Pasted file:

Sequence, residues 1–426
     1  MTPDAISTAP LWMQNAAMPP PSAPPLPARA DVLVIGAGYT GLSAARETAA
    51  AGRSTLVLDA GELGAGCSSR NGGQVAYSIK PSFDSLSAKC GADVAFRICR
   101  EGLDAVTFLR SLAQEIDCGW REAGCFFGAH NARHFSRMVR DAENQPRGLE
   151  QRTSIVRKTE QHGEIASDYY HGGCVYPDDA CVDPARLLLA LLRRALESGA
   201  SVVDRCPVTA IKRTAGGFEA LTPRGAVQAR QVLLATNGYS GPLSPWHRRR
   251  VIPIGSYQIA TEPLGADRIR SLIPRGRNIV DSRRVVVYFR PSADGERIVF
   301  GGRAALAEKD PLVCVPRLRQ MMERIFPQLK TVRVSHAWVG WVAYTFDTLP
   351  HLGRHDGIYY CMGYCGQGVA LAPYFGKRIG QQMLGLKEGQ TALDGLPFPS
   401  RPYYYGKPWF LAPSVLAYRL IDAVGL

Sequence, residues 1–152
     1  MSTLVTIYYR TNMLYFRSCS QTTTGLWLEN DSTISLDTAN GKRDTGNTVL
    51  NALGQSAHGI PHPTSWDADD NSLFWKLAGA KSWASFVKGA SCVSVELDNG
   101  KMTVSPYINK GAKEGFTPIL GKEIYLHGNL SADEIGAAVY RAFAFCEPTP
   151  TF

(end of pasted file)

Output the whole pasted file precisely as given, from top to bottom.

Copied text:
Sequence, residues 1–426
     1  MTPDAISTAP LWMQNAAMPP PSAPPLPARA DVLVIGAGYT GLSAARETAA
    51  AGRSTLVLDA GELGAGCSSR NGGQVAYSIK PSFDSLSAKC GADVAFRICR
   101  EGLDAVTFLR SLAQEIDCGW REAGCFFGAH NARHFSRMVR DAENQPRGLE
   151  QRTSIVRKTE QHGEIASDYY HGGCVYPDDA CVDPARLLLA LLRRALESGA
   201  SVVDRCPVTA IKRTAGGFEA LTPRGAVQAR QVLLATNGYS GPLSPWHRRR
   251  VIPIGSYQIA TEPLGADRIR SLIPRGRNIV DSRRVVVYFR PSADGERIVF
   301  GGRAALAEKD PLVCVPRLRQ MMERIFPQLK TVRVSHAWVG WVAYTFDTLP
   351  HLGRHDGIYY CMGYCGQGVA LAPYFGKRIG QQMLGLKEGQ TALDGLPFPS
   401  RPYYYGKPWF LAPSVLAYRL IDAVGL

Sequence, residues 1–152
     1  MSTLVTIYYR TNMLYFRSCS QTTTGLWLEN DSTISLDTAN GKRDTGNTVL
    51  NALGQSAHGI PHPTSWDADD NSLFWKLAGA KSWASFVKGA SCVSVELDNG
   101  KMTVSPYINK GAKEGFTPIL GKEIYLHGNL SADEIGAAVY RAFAFCEPTP
   151  TF